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4/1/2020 4:14:10 PM
4/1/2020 6:58:51 AM
Posted: 1/10/2005 7:45:21 PM EDT
[Last Edit: 1/10/2005 7:46:48 PM EDT by netwt12]
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Court Won't Hear Gun Industry's Appeal
 
 
 
   
By HOPE YEN
Associated Press Writer

January 10, 2005, 10:20 AM EST

WASHINGTON -- The Supreme Court declined Monday to consider dismissing a lawsuit seeking to hold gun manufacturers responsible for the 1999 shooting of a letter carrier by a white supremacist.

Without comment, justices let stand a ruling of the 9th U.S. Circuit Court of Appeals that reinstated a lawsuit against gun manufacturers and distributors. The companies' weapons were used by Buford Furrow to kill Filipino-American Joseph Ileto and wound five people at a Jewish day care center in a Los Angeles-area rampage.

The high court's move, which allows the lawsuit to proceed toward trial, is good news for gun-control groups who say increased liability will stop industry sales tactics that put weapons into the hands of criminals. Several cities nationwide have sought to sue gun manufacturers, but with little success.

Ileto's mother, Lillian, and families of the survivors contend that Georgia-based Glock Inc., China North Industries Corp., RSR Management Corp. and RSR Wholesale Guns Seattle Inc., should be held liable under California law because they knowingly facilitated and participated in an underground illegal gun market, according to the complaint.

A federal judge initially threw out the case, but a divided 9th Circuit panel reinstated the lawsuit in 2003. The panel said a since-repealed California statute immunizing gun manufacturers in product liability actions did not apply, because it did not address the plaintiffs' theories of negligent marketing and distribution.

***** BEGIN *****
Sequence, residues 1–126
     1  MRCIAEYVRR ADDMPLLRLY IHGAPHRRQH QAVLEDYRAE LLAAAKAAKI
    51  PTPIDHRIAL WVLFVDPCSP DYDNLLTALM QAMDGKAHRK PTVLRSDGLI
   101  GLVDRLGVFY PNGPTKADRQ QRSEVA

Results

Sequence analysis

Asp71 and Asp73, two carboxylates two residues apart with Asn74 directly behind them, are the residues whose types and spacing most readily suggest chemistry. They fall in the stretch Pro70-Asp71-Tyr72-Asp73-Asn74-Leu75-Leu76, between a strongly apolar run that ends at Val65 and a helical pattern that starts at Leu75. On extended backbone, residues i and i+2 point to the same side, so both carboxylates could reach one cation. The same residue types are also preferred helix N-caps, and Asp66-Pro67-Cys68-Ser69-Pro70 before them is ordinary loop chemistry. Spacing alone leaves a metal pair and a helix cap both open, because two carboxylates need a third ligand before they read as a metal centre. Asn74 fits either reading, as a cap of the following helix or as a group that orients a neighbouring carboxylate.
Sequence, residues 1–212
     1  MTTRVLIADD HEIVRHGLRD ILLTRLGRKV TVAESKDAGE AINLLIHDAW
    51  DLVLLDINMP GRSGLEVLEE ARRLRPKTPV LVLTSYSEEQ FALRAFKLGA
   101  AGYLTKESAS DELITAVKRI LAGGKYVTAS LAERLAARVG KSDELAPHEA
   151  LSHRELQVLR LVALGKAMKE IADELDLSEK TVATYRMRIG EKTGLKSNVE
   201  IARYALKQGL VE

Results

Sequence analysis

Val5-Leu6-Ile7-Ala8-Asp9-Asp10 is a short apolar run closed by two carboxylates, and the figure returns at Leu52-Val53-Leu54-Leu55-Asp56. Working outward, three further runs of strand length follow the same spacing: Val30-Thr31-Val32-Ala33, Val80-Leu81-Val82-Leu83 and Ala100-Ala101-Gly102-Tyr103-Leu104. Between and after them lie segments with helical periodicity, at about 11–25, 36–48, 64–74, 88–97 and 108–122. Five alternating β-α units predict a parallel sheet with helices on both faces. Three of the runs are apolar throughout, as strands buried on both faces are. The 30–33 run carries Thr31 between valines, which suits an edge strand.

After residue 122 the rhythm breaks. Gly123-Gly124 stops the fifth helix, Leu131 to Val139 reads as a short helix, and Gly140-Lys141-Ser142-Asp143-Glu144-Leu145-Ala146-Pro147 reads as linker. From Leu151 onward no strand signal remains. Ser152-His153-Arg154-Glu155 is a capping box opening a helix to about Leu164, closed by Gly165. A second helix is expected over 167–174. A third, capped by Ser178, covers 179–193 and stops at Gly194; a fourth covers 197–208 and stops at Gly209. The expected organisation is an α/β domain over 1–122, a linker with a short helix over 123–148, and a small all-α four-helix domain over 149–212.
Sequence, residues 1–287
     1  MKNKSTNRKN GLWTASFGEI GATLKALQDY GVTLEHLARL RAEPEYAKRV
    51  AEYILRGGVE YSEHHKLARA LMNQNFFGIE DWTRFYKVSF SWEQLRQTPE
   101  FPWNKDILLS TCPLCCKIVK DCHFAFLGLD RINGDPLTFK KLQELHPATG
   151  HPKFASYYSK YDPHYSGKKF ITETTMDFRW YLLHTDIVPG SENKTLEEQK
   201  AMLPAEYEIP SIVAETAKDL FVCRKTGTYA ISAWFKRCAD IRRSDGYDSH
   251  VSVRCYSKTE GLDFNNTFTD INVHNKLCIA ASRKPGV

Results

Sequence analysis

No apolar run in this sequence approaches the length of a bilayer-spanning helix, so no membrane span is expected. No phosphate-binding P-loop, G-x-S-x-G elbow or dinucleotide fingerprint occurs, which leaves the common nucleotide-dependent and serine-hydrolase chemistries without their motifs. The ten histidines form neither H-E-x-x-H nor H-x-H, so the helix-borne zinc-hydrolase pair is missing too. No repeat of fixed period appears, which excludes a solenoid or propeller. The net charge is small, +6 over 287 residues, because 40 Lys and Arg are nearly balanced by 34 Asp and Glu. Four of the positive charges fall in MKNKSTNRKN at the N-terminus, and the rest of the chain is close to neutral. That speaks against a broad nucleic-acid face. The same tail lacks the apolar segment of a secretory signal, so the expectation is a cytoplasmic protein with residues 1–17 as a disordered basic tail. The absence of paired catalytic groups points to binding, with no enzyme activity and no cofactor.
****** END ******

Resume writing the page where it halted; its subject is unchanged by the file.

The full 26-member 9th Circuit declined to rehear the case last May.

Christopher Renzulli, the attorney for Glock and the RSR companies, has said the gun Furrow used to kill Ileto was originally sold to the police department in Cosmopolis, Wash., by the RSR companies.

According to court records, the police department sold the weapon to a gun shop in exchange for a different model. The shop sold it to a gun collector who is alleged to have sold it to Furrow, an ex-convict prohibited from purchasing weapons, at a gun show in Spokane, Wash.

The appeal filed by China North Industries Corp. argued that the San Francisco-based 9th Circuit overstepped its authority in expanding potential liability for gun manufacturers, a role the company says should be reserved for legislatures.

In the original decision reinstating the case, Judge Richard Paez of the 9th Circuit wrote that Glock's marketing strategy creates a "supply of post-police guns that can be sold through unlicensed dealers without background checks to illegal buyers."

In urging their colleagues to rehear the case, dissenting Judge Consuelo Callahan wrote that courts should "be chary of adopting broad new theories of liability."

Congressional legislation barring lawsuits targeting the industry failed last spring.

The case is China North Industries Corp. v. Ileto, 04-423.





dupe?
Link Posted: 1/10/2005 7:52:08 PM EDT
And some people want the Supreme Court to decide whether or not the Second Amendment is an individual right.